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Author Topic: This thread is CLOSED cause nobody won’t talk to me more nicer (D&D thieves)  (Read 2807 times)

Pat

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In 1e, the thief profession is described as not dishonorable, but isn’t honorable, either. A couple of paragraphs down, it limits the alignment of the thief to neutral or evil (a thief can be lawful or good, but not lawful good). It says that the primary thief functions—pickpocketing, picklocketing, trap administration, moving about noiselessly, and hiding in shadows—are all self-explanatory. Then, the text helpfully explains these activities. The thief rounds out his functions with listening to doors, climbing surfaces—both up AND down—and attacking people when they turn their backs to the thief.
Did you look through the DMG? There's a whole section giving more detail on thief abilities.

D&D 6th edition: sixth edition dungeons and dragons keeps a lot of the core elements of the thief, but adds some very interesting twists that I think will please fans of the class, but I am not going to spoil those for you. You will just have to wait.
A looting skill?

GeekyBugle

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In 1e, the thief profession is described as not dishonorable, but isn’t honorable, either. A couple of paragraphs down, it limits the alignment of the thief to neutral or evil (a thief can be lawful or good, but not lawful good). It says that the primary thief functions—pickpocketing, picklocketing, trap administration, moving about noiselessly, and hiding in shadows—are all self-explanatory. Then, the text helpfully explains these activities. The thief rounds out his functions with listening to doors, climbing surfaces—both up AND down—and attacking people when they turn their backs to the thief.
Did you look through the DMG? There's a whole section giving more detail on thief abilities.

D&D 6th edition: sixth edition dungeons and dragons keeps a lot of the core elements of the thief, but adds some very interesting twists that I think will please fans of the class, but I am not going to spoil those for you. You will just have to wait.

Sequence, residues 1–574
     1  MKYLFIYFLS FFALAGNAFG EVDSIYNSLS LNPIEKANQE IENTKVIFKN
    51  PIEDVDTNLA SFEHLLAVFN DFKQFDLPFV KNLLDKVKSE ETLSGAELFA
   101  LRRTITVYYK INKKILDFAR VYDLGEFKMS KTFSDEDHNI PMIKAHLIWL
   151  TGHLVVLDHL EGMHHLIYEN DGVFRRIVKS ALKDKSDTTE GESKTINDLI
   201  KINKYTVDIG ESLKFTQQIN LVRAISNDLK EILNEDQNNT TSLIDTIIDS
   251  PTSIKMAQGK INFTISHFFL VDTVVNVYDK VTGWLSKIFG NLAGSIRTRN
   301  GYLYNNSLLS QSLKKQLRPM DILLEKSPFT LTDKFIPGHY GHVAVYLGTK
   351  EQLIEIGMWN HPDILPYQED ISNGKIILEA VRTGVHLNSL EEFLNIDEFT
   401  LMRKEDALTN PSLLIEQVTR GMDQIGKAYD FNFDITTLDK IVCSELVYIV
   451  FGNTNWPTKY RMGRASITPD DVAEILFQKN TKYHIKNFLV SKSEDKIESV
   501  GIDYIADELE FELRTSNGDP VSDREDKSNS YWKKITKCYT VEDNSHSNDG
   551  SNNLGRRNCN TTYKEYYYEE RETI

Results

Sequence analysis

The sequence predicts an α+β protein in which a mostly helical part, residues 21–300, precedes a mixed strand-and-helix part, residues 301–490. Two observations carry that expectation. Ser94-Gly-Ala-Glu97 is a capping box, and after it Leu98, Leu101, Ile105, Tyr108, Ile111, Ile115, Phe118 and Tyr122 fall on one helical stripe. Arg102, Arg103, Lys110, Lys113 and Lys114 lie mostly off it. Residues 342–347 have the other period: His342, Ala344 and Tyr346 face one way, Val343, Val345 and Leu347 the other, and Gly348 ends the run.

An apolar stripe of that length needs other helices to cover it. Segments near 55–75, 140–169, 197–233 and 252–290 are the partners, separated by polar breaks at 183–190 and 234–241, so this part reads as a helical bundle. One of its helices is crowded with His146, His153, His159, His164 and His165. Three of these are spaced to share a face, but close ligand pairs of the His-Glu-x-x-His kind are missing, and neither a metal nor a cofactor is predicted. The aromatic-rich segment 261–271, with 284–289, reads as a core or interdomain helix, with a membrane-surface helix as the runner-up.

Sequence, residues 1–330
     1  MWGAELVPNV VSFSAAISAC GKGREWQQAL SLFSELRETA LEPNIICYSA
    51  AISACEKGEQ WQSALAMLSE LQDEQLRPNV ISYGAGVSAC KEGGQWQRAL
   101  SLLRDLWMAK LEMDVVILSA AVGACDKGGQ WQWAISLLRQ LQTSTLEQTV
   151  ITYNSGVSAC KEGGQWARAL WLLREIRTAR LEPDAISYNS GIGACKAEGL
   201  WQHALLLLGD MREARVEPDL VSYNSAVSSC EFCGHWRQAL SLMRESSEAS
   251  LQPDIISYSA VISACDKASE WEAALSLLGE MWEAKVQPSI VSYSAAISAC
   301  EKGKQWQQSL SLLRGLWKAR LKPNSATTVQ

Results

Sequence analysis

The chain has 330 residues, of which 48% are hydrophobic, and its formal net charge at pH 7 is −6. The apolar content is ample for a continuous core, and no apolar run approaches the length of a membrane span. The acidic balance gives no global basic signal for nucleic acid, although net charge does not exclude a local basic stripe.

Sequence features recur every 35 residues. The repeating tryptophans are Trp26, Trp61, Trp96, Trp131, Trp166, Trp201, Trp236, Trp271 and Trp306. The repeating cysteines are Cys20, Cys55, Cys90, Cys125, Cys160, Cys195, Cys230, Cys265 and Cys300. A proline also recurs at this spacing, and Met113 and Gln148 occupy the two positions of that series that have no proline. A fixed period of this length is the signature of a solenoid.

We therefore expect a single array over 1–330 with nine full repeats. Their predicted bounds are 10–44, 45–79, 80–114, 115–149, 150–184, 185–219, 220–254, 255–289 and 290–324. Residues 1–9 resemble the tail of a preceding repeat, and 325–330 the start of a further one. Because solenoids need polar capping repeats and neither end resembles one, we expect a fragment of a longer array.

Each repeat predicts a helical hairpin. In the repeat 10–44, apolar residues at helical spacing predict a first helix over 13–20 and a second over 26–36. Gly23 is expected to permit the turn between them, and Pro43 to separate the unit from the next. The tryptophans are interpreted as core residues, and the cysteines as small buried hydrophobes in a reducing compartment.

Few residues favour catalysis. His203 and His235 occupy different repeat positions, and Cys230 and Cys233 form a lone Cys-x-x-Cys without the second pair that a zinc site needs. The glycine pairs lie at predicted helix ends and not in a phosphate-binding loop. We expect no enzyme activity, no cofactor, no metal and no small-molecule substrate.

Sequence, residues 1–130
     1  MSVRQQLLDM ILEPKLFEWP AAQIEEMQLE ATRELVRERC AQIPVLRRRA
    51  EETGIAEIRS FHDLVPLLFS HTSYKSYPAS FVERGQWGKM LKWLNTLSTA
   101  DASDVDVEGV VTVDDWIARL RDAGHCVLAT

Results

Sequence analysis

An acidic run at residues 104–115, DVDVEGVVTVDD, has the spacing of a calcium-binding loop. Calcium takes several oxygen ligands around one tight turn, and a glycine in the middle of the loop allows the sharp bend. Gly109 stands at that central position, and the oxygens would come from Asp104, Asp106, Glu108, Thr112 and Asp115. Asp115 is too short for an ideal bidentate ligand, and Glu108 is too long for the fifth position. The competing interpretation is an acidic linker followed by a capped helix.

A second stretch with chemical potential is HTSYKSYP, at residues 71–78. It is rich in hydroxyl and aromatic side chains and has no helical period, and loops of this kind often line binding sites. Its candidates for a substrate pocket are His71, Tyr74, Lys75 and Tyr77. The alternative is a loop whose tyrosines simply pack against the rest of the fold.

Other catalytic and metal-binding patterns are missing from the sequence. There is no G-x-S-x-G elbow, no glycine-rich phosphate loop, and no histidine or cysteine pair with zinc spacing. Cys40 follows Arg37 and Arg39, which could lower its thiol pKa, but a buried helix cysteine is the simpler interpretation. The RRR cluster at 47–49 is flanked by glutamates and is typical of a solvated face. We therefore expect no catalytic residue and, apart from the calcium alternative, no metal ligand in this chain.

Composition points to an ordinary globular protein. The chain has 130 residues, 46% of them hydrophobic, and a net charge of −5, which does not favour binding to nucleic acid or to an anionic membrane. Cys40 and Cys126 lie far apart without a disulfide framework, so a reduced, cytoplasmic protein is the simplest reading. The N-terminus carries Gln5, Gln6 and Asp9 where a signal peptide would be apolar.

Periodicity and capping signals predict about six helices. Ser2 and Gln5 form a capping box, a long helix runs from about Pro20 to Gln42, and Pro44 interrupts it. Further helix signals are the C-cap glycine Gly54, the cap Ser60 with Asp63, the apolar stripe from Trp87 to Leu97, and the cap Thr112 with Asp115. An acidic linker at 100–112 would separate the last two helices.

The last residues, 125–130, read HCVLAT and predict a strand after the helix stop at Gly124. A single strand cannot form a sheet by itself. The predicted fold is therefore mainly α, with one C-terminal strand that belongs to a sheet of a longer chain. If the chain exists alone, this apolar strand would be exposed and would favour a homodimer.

A looting skill?

Nah, the skill to tax people.
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Melichor

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It will be a social media grifting skill.

DocJones

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There's only one class in  Thieves Guild  by GameLords.
Because "Sometimes it's more fun to play the bad guys"

Wntrlnd

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Just reminded of that Gandalf (wizard) hired Bilbo to the party of dwarves (all fighters? Balin would probably be the one who fits "cleric" best, being the wisest of the dwarves, having a high perception and fearless) for the position of "burglar".

I know the younger me was very confused as to why Gandalf would call his friend basically a criminal and how what amounted to what looked to me a upper class british gentleman could be skilled in breaking and entering.

"Burglar" would be someone who break in and take things. Being stealthy and skilled in entering places they're not supposed to be.
In a game of Shadowrun or modern/science fiction that would be the Infiltrator, intrusion specialist, Security breacher or whatever that has a much nicer sounding name, but to modern to be used in a D&D game.

You need something more old fashioned named, and "thief" simply fits.


AtomicPope

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Reading through the comments reminds me of Bilbo's argument with Thorin about being called "Burglar."  By the end of it he was a back-stabbing Thief and Burglar.

I really miss the AD&D titles.